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Squabbling Cousins Keep the Lines Open

April 12, 1987|KATHLEEN HENDRIX

The scene was a no-frills storefront on Fairfax Avenue. It was night, and a freewheeling discussion was under way among the 50 or so Arabs, Jews and others interested in the problems of the Middle East.

George Irani was moderating, and the meeting had reached the boil. Joel Gayman, an American Jew active in New Jewish Agenda and other Jewish groups, was accusing Irani of commandeering the meeting, holding the floor, dismissing people with different views.

Irani, a Lebanese Christian on the faculty at USC, dismissed Gayman's complaint disparagingly, only half-joking it was his prerogative, that this was just one more instance of people shutting off Arab opinion.

On to another outburst over a chance remark of Zev Putterman, a television producer and lifelong Zionist, which led Irani to say, "Arabs don't need your patronizing." And on it went.

'We're a Wild Bunch'

Several days later, a calmer, genial Irani walked across the USC campus, recalling the meeting: "Joel called me last night. We're OK now. We talked and talked, and finally I said, 'Joel, we're not going to discuss the West Bank at midnight.' Everything's fine with Zev, too. He's a dear friend."

Chuckling and shaking his head, Irani said fondly, "We're a wild bunch."

Welcome to the Cousins, a name referring to the supposed lineage Arabs and Jews share as children of Abraham, the Arabs tracing their descent to Ishmael, the Jews to Isaac. The name has stuck, even though meeting notices go out titled "Unofficial Notice of the Still Un-Named Non-Organization of Arabs and Jews of Greater Los Angeles."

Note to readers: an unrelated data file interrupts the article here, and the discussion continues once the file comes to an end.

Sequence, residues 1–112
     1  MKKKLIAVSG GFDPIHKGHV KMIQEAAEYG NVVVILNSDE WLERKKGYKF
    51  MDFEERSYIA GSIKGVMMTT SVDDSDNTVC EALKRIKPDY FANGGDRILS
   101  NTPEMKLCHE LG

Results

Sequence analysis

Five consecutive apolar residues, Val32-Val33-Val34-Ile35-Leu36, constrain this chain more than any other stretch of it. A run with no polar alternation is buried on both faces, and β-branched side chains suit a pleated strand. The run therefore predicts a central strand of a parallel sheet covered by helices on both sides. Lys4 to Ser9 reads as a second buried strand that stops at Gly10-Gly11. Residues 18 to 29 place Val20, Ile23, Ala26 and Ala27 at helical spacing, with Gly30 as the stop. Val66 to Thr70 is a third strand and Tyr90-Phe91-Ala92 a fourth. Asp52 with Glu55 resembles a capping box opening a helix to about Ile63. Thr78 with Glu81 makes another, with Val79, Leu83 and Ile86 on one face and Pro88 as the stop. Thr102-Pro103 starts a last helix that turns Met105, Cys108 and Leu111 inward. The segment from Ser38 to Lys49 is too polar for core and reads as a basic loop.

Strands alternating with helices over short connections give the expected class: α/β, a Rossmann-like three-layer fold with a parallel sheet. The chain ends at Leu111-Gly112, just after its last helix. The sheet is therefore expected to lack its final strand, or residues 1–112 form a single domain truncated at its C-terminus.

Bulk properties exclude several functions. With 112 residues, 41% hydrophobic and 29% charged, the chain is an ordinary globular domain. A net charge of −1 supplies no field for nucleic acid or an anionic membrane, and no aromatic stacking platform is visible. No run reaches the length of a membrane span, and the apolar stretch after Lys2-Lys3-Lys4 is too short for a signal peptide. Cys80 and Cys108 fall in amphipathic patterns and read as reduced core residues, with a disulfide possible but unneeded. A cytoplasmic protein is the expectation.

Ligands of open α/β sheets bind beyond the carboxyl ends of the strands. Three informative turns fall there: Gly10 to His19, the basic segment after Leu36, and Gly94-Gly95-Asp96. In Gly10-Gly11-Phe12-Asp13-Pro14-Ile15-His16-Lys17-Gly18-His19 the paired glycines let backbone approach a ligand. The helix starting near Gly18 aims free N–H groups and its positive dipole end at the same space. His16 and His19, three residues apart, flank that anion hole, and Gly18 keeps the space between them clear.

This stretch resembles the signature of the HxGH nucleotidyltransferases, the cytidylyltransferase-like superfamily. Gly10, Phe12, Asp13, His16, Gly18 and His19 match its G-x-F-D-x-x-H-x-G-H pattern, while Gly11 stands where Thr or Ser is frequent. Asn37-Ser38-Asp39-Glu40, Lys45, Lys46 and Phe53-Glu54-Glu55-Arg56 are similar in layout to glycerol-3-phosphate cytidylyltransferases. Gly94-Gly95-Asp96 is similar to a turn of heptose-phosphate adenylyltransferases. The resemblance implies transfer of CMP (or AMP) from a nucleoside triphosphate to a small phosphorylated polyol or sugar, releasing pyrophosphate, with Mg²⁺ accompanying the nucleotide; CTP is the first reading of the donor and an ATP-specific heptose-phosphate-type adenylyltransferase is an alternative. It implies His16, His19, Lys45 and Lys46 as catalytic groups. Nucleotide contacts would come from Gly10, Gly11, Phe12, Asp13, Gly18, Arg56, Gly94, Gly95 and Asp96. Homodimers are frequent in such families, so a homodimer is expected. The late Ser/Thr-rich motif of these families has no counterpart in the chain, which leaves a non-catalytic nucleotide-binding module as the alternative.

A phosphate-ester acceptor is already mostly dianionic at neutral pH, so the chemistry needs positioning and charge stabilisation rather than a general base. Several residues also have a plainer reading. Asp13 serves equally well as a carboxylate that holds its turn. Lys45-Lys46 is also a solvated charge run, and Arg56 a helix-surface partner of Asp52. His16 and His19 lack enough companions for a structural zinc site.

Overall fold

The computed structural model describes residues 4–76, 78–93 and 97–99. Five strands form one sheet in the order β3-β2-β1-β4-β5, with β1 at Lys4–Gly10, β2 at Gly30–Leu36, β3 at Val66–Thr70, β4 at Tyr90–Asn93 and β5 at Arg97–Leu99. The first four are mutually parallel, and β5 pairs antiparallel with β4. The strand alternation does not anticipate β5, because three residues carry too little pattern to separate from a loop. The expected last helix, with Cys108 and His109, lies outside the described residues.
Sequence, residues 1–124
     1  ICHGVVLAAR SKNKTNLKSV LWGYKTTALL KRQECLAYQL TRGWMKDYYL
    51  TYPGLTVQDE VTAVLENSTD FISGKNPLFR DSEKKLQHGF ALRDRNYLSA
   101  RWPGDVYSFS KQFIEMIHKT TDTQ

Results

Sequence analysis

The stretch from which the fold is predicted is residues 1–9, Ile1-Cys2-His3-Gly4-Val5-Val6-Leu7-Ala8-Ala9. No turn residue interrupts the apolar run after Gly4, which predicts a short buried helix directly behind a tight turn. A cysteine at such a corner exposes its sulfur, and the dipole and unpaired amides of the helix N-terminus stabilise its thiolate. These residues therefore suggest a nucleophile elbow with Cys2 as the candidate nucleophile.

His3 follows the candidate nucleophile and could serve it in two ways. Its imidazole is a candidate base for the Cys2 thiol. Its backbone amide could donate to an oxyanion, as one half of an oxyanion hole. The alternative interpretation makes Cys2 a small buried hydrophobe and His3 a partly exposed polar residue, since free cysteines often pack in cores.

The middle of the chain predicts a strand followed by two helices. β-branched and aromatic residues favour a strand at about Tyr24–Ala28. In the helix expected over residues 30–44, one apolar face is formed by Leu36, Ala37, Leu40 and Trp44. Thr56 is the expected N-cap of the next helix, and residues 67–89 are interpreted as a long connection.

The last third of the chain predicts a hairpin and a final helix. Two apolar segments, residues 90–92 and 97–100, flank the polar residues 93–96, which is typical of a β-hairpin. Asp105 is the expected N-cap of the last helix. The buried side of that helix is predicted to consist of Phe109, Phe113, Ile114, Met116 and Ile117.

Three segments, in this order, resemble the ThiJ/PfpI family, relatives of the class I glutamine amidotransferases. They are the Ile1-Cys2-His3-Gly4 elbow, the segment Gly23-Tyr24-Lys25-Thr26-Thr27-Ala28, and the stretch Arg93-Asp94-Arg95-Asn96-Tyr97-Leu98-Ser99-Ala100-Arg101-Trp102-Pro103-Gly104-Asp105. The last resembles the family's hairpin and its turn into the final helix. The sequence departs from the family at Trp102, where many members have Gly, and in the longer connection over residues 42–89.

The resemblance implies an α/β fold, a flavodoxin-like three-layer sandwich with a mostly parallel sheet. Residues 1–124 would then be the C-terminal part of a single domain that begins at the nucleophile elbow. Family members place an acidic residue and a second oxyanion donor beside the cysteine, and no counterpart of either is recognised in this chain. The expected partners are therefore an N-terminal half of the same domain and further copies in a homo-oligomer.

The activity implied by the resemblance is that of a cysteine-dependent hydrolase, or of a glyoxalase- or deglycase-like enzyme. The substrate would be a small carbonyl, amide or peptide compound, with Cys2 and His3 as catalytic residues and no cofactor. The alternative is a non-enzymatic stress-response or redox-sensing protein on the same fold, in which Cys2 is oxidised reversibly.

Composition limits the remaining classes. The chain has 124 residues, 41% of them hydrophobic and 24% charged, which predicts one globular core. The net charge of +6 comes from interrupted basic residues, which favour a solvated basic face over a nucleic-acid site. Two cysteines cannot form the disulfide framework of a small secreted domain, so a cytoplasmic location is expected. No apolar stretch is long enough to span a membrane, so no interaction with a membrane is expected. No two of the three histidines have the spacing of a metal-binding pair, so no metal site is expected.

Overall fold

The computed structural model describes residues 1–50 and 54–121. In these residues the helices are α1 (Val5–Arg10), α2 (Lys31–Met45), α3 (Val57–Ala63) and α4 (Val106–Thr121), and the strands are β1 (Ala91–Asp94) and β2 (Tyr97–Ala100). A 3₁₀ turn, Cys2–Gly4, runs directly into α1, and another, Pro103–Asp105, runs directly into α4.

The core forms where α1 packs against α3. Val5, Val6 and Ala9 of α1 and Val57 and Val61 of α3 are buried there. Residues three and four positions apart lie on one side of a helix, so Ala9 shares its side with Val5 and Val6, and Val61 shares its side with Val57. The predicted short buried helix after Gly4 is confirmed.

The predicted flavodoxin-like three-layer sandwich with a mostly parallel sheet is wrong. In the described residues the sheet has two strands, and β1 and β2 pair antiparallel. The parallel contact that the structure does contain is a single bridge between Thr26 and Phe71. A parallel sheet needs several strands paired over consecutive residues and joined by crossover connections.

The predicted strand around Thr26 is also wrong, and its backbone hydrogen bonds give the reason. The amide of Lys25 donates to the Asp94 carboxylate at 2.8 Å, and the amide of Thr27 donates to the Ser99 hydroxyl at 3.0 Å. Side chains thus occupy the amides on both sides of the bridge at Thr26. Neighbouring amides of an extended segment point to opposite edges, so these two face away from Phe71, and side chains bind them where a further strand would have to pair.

The Cousins have been meeting monthly since last June, an outgrowth of a weekend workshop. Many thought it had brought together a unique group of people who should stay in touch.

Within a week, about two dozen of them met to figure out where they could go as a group. In the ensuing months, the Cousins have never decided whether they are a study, action or social group. There are many who think their strength lies in their lack of focus or position. It is a place, however, where people with specific projects are likely to find a few like-minded people to join them.

To date, they have avoided ground rules, such as requiring mutual recognition of Arab and Israeli rights. Don Bustany, an Arab-American television producer, said, "We want to draw those in who don't recognize the others' rights."

Agreed on Protest Letter

Most of them, however, did agree at the February meeting to sign a letter Harriet Katz had drafted deploring the arrests of Palestinian nationals by the Immigration and Naturalization Service. It was sent to politicians and the media.

Different people show up every month, and new ones come constantly, but one problem remains: not enough Arabs. The March meeting, for example, drew about 40 Jews and 10 Arabs. Alyne Bat Haim, the regular moderator, said the steering committee is trying to attract more Arabs.

Several Arab members have urged a more political direction. One suggested at the first meeting that a joint delegation visit Sen. Alan Cranston (D-Calif.) to "urge a just resolution of the Palestinian problem."

That did not sit well with one young man who works for a mainstream Jewish organization. He spoke candidly, his voice shaking with emotion.

A Two-Way Street

"We're afraid," he said of Jews like himself. "Joint action has to be a two-way street. We fear we're being conned." He preferred they come up with an agenda of domestic issues. He would not be going to Cranston's office.

But for all his reservations, he has never stopped coming.

"God only knows why," he said recently. "Although, you know, I feel great that I'm doing it. And almost every time I leave, I go away thinking it's been an exciting evening."

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